Just getting to know the kids. You know, we started this because the kids were pepper sprayed back in 2021 and so for me, I’m not out here to criminalize children for the same behavior that has been going on for as long as there are children. Children fight. But for me, my presence is needed. I think that these kids, especially Black and brown kids, need to be protected from the police and that’s quite obvious with what happened with the pepper spraying. So for me, today, the fight almost started a couple of times, but I’m not here to get the kids in trouble, I’m not here to criminalize the kids for being kids, I’m wanting to stay and keep an eye on things to protect the students from the police because getting in one fight could be the start of a criminal history that goes on and on. And I just don’t think that kids should be criminalized for being kids and for having adolescent behaviors.

You’ve been doing this largely on your own, without many resources but with a lot of elbow grease. Is there anything you think the school could have done differently, or any way that MOMs could have been better supported?

We had a few people who came out and volunteered once, and that’s great, but I guess I would have liked to figure out how to get people to come back. Also, at the same time, if everyone just came out once, we’d have volunteers everyday. I think it could have been more successful having more volunteers. I think the communication between MOMs and the staff at the school could have been better. I can give an example. Yesterday, I wasn’t able to make it to lunch, my son had appointments, so I came and picked him up at lunch and you could tell there were already a lot of people outside, it just felt like there might be a fight starting. And had we been giving a heads up, I could have possibly found a volunteer to come and hand out snacks or I could have changed my plans and made sure I was there.

It seems to me that, unfortunately, the response from the school when they think there’s going to be a fight is just to call the police. And I just feel like that’s so unnecessary. If you have the right people around to de-escalate the situation, if you get to know the kids and you have someone who has a relationship with the kids that can go and talk to them and say, “Hey, what’s going on? Can I buy you some lunch? Are you hungry?” It just seems like there should be a position for some kind of liaison for the kids, someone they can count on and talk to, someone who can figure out what’s going on rather than just call the police.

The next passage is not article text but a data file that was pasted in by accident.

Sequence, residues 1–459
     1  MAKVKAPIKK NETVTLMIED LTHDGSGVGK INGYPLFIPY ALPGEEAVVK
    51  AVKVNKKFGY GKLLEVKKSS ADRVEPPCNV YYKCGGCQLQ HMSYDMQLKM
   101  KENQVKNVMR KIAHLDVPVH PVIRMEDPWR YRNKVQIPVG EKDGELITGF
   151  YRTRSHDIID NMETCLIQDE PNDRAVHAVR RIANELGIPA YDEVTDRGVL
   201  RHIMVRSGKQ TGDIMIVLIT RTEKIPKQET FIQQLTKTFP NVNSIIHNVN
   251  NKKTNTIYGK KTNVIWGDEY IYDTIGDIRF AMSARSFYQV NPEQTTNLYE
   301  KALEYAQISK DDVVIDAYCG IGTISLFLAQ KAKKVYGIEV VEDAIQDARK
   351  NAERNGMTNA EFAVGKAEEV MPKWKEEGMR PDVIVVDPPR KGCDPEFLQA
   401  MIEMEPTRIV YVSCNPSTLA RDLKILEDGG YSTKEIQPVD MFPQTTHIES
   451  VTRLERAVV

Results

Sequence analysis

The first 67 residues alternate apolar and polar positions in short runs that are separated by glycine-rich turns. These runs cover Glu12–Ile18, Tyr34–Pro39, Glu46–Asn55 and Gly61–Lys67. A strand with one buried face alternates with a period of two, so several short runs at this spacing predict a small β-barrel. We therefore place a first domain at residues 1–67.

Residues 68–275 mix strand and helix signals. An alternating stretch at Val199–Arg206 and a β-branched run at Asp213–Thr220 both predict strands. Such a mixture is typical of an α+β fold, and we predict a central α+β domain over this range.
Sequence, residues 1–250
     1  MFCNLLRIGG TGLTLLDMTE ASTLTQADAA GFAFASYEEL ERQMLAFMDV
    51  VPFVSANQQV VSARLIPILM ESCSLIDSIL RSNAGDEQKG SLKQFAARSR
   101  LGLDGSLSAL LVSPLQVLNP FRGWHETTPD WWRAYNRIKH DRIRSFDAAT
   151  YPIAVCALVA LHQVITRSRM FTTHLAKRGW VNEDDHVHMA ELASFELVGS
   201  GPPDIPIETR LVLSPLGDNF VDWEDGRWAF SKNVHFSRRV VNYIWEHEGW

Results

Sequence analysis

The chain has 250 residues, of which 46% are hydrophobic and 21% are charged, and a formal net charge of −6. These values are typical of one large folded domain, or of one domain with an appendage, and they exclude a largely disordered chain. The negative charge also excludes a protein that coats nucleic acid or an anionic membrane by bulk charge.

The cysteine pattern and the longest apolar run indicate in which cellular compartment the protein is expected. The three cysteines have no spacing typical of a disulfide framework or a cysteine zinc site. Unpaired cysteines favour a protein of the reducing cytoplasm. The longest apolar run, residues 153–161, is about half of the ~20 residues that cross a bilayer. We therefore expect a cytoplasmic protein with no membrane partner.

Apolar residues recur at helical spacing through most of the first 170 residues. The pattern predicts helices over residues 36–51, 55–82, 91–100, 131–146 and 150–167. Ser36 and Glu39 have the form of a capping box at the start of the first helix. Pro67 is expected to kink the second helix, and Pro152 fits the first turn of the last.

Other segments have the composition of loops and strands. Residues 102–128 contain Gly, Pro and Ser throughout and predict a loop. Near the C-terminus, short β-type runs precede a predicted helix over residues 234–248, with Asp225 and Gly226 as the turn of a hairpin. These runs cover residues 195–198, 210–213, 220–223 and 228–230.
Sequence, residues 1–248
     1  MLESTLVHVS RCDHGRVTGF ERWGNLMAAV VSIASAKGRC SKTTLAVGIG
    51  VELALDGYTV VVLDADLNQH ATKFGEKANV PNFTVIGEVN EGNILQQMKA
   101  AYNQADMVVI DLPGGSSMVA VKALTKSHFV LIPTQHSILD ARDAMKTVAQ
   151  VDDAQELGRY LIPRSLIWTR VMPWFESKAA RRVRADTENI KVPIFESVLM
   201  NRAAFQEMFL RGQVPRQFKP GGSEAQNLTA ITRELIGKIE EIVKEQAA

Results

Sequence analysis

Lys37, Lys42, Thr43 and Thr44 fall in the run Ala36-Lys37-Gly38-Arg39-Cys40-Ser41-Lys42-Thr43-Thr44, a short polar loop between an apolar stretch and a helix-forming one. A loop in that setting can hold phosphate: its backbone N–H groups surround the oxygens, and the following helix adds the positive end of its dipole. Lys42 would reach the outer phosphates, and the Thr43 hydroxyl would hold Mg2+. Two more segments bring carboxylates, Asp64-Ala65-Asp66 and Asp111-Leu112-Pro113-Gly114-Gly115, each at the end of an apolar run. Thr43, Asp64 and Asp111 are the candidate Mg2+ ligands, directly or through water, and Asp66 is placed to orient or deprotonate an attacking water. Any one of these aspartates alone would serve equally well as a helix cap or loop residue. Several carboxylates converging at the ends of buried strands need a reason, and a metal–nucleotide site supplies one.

Any thoughts going forward, especially since MOMs is done after this year? Do you have fears or worries about these kids being supported out here?

I am extremely concerned about what’s going to happen next year. East is known to be a school where fights happen and the freshmen coming in, they think they're coming somewhere where they're going to end up having to fight. We really tried to create an environment that was safe for them this year, even coming the first day and meeting all the freshmen that were coming in and letting them know, “Hey, we're here everyday, we’ve got snacks, we’re here to keep you guys safe.” So yeah, I have a lot of concerns about what’s going to happen next year because, as it is right now, the majority of the time we see any staff from East it is the principal. I would say we see her maybe once a week and if there is no one down here like me to text her to say, “Hey, something’s happening,” how is she going to know? They are understaffed and that’s a huge part of the problem.

What do you think about how school lunch factors into all of this? Some of the students seem to be eating your snacks for lunch and nothing else.

I definitely think that kids being hungry plays into this 100 percent. When you’ve got kids outside who are hungry, and maybe they’re hot or maybe they’re cold, maybe they didn’t have breakfast, obviously their blood sugars are going to be low and they’re going to be more feisty. I will say that I have seen more kids come out with school lunches in the past month than I have ever seen before. I’ve seen kids come out with salads, nachos, noodle cup things with vegetables in them. I think more kids are getting school lunch but there’s still a stigma, that’s really what it is. The way to get kids to eat the school lunch is to somehow attack that stigma.

Yeah, to reduce that stigma, all the kids need to eat school lunch!

Right, exactly. Somehow, that stigma of ‘you’re eating school lunch’ is going to have to be addressed.

Anything else you want to add?

I want to add that I really appreciate all the support from the community, all the volunteers, all of the donors, all of the kind words from people when I had maybe just burnt out and wanted to give up. We have a great community. East has a great community and we need to start working together to really address some of these issues.

I'm going to miss the kids and I’m going to worry about them. I’m going to wonder if they’re eating, if they’re safe. I can't speak much to the environment inside the school but I do feel like we created an environment in the Milio’s parking lot [laughs] that was safe for the students, where they were happy and where they felt like we were there for them and I think that is just worth more than anything.

I think you can feel really good about what you’ve done.

I’m definitely happy I was able to do it for this long.

Families for Justice is a network of people working to dismantle white supremacy in Dane County and beyond through multi-generational community organizing and direct action. Learn more here.